One of the valuable features of the Monsido SEO and webmaster tool is that it shows you places in your website where you are missing Title Tags or H1 Tags (heading tags). We’ve found that a lot of our users mistakenly think that these are the same thing. While there are a lot of similarities between a Title Tag and a H1 Tag there are some important differences and, if you don’t use them properly, it could hurt your rankings.
What is the Difference Between a Title Tag and H1 Tag?
In HTML terms, a Title Tag is expressed as "title" and the H1 Tag is expressed as "h1." Both serve as titles to describe what your webpage is about.
Because both the Title Tag and the H1 Tag share the same broader purpose, it is easy to understand why people confuse them. It is further confused by the fact that a lot of content management systems are set up to automatically match your Title Tags and H1 Tags (and URL too). But keep in mind that content management systems are set up with the novice user in mind, and not for people who need to pay attention to the finer details of SEO so they can rank in competitive niches.
The main difference between Title Tags and H1 Tags is where they appear:
- Title Tags: These are what show up in search engines. It is the hyperlink that searchers will click on. It also shows up in the title bar at the top of the web browser, and is the default title used when someone bookmarks the page. Title Tags DO NOT appear on the actual webpage!
- H1 Tags: This is what users will see on your webpage. It is in large text and acts as a title for the page. H1 Tags usually DO NOT appear in search engines!
Impact of Title Tags and H1 Tags on SEO
Including relevant Title and H1 Tags with keywords is incredibly important for SEO because it helps Google understand what your website is about. It also helps Google understand what is most important on that page.
Where a lot of people go wrong is omitting Title Tags on their pages, or using generic tags which don’t actually describe what the specific webpage is about. For example, you might see pages like this:
This company offers IP protection services. But they didn’t bother to specify that in any Title Tag, so it will be hard for the Google bots to understand. When I checked their webpage source code, I found that the H1 Tag was set as:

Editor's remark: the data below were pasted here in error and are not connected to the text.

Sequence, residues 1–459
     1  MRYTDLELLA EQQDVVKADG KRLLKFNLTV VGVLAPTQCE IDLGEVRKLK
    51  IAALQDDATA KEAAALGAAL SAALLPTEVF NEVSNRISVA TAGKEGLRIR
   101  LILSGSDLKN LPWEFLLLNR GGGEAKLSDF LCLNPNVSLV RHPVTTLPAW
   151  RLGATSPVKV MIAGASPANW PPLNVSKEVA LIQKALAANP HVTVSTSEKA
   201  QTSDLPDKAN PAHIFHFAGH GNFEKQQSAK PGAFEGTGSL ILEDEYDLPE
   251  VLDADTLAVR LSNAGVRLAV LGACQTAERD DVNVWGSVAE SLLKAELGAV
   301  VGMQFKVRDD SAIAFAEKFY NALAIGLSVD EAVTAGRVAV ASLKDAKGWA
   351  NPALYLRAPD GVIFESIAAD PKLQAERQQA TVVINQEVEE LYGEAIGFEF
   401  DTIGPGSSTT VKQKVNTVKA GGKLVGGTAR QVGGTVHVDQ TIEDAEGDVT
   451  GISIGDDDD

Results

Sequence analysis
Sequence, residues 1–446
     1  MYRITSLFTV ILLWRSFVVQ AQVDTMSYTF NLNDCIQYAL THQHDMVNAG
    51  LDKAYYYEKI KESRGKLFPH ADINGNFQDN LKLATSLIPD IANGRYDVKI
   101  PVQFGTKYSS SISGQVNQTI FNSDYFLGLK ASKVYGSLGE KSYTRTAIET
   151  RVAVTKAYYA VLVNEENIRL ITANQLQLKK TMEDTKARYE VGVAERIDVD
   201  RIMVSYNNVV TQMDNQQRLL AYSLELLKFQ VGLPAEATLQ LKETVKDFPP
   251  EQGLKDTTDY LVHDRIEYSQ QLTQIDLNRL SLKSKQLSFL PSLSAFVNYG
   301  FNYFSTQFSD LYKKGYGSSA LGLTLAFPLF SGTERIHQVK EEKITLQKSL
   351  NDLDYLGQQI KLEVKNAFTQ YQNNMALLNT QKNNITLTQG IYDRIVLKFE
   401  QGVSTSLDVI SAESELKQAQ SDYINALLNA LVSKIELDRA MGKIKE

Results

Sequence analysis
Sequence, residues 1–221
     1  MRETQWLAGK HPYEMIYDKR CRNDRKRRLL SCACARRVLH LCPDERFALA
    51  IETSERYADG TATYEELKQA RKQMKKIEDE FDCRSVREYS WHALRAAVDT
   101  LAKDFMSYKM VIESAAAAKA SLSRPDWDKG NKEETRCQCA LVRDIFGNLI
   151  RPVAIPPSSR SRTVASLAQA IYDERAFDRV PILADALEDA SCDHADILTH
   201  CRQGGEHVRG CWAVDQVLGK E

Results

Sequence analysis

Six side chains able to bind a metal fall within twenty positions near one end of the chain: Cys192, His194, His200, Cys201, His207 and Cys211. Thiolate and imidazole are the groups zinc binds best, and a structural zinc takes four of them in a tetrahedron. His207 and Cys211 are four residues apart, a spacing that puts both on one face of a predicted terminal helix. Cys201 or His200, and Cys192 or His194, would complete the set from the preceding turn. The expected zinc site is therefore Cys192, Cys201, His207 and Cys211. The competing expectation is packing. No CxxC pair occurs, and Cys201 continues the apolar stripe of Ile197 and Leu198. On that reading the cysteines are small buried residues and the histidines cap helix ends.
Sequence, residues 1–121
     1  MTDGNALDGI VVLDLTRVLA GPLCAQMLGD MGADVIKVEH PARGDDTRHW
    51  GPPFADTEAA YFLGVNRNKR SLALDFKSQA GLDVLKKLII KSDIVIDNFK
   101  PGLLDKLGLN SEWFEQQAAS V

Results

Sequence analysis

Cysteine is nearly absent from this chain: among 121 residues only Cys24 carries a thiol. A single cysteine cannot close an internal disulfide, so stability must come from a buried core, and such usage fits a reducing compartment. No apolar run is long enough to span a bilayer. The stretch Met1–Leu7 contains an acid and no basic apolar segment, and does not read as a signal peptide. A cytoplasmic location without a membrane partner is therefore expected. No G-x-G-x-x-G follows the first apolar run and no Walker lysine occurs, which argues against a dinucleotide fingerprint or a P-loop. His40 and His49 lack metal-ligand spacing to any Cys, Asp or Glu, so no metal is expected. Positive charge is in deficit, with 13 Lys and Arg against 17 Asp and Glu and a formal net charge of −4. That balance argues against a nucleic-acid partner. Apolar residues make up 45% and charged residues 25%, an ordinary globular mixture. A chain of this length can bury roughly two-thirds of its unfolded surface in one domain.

H1 Tag: "For where your business needs to be"
How is Google supposed to figure out what the website is about without any relevant information in the Title or Header of the page?
Impact of Title Tags and H1 Tags on User Experience
When we talk about website optimization, we usually talk about “what Google likes.” But bear in mind that all of Google’s search engine algorithms were created with user experience in mind. If you focus on providing a good user experience, then you can bet your site will be optimized.
In the example above, it isn’t just the Google bots which would be confused by the page. Imagine if you came across that listing in a search result. The Title Tag gives you absolutely NO clue as to what the webpage is about. Searchers don’t like wasting time, so they probably aren’t going to click on it. Even if they do take the risk and click on it, there is absolutely nothing on the page itself to reassure users that they’ve arrived at the right spot. Rather than spending a lot of time clicking about the webpage to determine what it is about, they are probably just going to go back to the search results and choose another page which clearly expresses that it meets their needs.
We can sum up the role of Title Tag and H1 Tag for user experience in this way:
- Title Tag: Ensures searchers that they have found a relevant page which will meet their needs
- H1 Tag: Introduces page content and reassures them that it will meet their needs.
With this in mind, let’s look at an example of good use of Title Tag and H1 Tags
This company did a great job with their webpage tags. The Title Tag immediately tells users what they can find on the page. Assuming that the searcher is looking for ferries and minicruises, then they are going to click on the link. Once they get to the page, the H1 Tag not only tells them what to expect on the page, but increases consumer confidence.
If your H1 Tags are so well written that they convince the user to stay on the page, then your Session Duration increases and your Bounce Rate decreases – two important user experience metrics which impact search engine rankings. In this sense, H1 Tags have a big impact on SEO.
Do the Title Tag and H1 Tag Need to Be Different?
There is a lot of debate as to whether you need to write unique info for your Title Tag and H1 Tag. However, the general consensus amongst experts (including Rand Fishkin of Moz) is that it isn’t dangerous to have your Title Tag be the same as your H1 Tag.
Remember that a lot of content management systems by default set the title of the page as the Title Tag and H1 Tag. If the Tags are very relevant, then this probably isn’t going to be a bad thing and may even help create a continuity throughout the user experience.
However, in certain situations, it might be very helpful to use different Title Tags and H1 Tags. Don’t do it just for the sake of getting in more keywords or because you think it will help SEO! Always write tags to reassure the user that they have found the right content!
Here are some examples of web pages which have different Title Tags and H1 Tags. Think about how it affects user experience and what it conveys to the search engines.
Example 1: Amazon Books
H1 Tag is: "Best Sellers in Books"
Example 2: Apple iTunes
H1 Tag: "iTunes."
Example 3: Home Depot
H1 Tag: "Garden & Landscaping Tools"
Why do you think these companies chose to set their Title Tags and H1 Tags this way? How does it impact clicks in the SERPs and user experience? That's something to think about the next time you set your own Title and H1 Tags!
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